But with just weeks remaining before its first deadline to report back to the White House, the review panel has effectively been operating as an arm of the Office of the Director of National Intelligence, which oversees the NSA and all other U.S. spy efforts.
The panel's advisers work in offices on loan from the DNI. Interview requests and press statements from the review panel are carefully coordinated through the DNI's press office. James Clapper, the intelligence director, exempted the panel from U.S. rules that require federal committees to conduct their business and their meetings in ways the public can observe. Its final report, when it's issued, will be submitted for White House approval before the public can read it.
Even the panel's official name suggests it's run by Clapper's office: "Director of National Intelligence Review Group on Intelligence and Communications Technologies."
Its meetings in recent weeks with technology industry and privacy groups have been closed to the public even though no classified information was discussed, according to participants. Attendees told The Associated Press they raised concerns about the NSA's spying programs. During one session, two participants said, panel members said the group might hold a separate classified meeting soon with technology executives to discuss details of secret surveillance programs.
"No one can look at this group and say it's completely independent," said one attendee, Sascha Meinrath, director of the Open Technology Institute and vice president at the New America Foundation. Meinrath said the closed meetings "leave the public out of the loop."
Obama described the panel an Aug. 9 speech as an "independent group" and said its members would "consider how we can maintain the trust of the people, how we can make sure that there absolutely is no abuse in terms of how these surveillance technologies are used."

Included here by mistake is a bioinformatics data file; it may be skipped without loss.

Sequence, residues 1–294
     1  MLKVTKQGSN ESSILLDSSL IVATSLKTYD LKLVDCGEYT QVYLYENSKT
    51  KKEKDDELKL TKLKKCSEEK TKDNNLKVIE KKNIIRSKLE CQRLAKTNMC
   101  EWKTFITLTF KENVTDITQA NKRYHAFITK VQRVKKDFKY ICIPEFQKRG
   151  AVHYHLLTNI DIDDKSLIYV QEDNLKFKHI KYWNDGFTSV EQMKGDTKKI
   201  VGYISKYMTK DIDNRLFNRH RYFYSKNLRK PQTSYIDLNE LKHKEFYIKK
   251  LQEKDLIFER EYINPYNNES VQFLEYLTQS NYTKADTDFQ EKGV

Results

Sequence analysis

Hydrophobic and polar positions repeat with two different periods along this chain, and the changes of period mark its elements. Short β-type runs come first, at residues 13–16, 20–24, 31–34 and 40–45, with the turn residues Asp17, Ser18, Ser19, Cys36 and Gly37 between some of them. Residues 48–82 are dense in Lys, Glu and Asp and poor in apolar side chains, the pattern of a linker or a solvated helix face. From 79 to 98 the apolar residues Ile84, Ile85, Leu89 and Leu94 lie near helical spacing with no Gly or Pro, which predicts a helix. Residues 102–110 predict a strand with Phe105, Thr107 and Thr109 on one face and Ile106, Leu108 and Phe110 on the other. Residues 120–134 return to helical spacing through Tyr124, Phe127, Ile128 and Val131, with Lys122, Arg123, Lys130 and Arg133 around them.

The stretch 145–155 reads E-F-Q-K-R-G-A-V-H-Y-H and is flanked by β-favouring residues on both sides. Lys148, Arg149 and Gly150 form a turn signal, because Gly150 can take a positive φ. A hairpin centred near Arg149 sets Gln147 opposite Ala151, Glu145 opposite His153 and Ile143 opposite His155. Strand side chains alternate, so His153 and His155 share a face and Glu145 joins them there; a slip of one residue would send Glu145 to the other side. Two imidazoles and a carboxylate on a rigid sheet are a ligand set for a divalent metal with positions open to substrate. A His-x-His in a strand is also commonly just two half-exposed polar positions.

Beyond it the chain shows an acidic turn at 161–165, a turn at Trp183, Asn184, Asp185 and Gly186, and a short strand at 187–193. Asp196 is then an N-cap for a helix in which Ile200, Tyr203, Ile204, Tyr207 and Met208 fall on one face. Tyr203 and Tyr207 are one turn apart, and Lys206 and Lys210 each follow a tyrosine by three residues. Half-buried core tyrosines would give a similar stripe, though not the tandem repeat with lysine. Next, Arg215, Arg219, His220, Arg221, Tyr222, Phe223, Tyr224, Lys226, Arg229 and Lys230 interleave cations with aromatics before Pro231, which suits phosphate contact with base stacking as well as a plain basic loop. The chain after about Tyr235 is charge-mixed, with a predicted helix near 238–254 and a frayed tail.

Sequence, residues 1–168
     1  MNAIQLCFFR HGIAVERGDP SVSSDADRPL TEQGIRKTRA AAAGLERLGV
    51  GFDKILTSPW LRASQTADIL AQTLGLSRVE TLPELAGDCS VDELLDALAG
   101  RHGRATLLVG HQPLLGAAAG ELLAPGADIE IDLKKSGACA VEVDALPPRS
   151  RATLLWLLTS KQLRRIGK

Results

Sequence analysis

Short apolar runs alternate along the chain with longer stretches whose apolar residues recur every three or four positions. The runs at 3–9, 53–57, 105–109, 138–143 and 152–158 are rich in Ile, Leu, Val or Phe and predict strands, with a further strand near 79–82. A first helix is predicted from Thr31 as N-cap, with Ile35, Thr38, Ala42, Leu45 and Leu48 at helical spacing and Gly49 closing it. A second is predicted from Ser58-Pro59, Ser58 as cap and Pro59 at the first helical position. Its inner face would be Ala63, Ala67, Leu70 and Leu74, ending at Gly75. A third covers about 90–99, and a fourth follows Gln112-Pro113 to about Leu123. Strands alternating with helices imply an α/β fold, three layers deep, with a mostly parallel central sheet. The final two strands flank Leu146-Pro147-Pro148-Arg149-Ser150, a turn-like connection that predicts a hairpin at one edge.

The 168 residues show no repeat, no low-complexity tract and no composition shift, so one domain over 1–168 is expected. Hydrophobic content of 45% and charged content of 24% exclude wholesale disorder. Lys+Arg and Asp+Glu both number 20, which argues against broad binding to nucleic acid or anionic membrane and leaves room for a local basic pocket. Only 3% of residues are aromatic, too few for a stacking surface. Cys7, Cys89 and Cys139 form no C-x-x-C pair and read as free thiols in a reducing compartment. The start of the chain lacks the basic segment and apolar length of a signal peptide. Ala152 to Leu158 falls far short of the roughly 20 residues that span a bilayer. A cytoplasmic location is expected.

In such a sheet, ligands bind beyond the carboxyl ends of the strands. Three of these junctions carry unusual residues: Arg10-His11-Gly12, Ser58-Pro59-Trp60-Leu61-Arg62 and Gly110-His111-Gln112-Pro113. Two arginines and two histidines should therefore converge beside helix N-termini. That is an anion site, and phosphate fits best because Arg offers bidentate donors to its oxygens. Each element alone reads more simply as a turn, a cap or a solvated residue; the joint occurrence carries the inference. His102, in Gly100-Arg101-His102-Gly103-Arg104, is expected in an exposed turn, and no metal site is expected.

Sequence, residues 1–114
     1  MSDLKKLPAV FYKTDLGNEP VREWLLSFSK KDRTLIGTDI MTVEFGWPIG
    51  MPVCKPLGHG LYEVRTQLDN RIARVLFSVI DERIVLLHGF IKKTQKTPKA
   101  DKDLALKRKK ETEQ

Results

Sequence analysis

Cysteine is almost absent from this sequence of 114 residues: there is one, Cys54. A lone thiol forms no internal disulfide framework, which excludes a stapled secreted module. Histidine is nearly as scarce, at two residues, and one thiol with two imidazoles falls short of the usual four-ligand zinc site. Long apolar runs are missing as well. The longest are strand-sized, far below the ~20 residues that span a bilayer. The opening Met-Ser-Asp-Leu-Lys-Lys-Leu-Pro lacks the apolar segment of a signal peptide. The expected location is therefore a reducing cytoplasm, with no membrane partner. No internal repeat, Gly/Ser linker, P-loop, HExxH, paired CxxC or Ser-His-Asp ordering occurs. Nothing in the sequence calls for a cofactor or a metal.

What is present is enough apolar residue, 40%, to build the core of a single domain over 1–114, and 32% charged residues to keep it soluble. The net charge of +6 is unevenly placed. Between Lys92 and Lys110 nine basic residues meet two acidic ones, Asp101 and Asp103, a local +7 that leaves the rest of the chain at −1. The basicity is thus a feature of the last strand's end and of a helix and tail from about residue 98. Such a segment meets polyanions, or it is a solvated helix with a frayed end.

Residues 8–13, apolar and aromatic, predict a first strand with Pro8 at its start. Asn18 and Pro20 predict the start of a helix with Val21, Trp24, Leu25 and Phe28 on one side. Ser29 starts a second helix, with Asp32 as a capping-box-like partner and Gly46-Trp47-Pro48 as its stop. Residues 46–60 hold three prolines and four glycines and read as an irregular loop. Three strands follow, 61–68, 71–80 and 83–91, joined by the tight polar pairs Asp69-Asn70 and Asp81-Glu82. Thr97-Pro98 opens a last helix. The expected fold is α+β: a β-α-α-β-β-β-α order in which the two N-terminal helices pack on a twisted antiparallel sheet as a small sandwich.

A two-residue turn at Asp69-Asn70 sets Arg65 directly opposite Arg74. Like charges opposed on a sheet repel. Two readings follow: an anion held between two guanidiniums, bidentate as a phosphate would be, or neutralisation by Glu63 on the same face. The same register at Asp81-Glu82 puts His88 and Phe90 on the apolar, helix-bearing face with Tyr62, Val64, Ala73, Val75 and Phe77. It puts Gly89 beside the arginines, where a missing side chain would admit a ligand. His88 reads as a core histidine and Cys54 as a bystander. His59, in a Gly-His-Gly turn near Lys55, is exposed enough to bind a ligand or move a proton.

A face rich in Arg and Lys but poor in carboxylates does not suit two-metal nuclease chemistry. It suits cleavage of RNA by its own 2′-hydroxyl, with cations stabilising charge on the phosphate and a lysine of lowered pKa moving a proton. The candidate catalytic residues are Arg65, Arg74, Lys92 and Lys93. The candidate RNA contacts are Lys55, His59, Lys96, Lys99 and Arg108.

The formal White House memorandum days later — effectively the legal charter for the group — does not specify anything about its role being independent of the Obama administration. It directed the panel to emphasize in its review whether U.S. spying programs protect national security, advance foreign policy and are protected against the types of leaks that led to the national debate in the first place. The final consideration in the White House memo told the panel to examine "our need to maintain the public trust." There was no mention of the panel investigating surveillance abuses.
The review panel, in a statement released through the DNI's press office, confirmed to the AP that Clapper had exempted it from the U.S. Federal Advisory Committee Act, which requires such committees to conduct open meetings and notify the public about their activities. It said Clapper made the decision because of the "highly classified nature of their review," but added: "We are conducting this review as openly and transparently as possible." In private meetings so far, several attendees said their discussions did not mention any classified activities and that the panel members steered them away from doing so.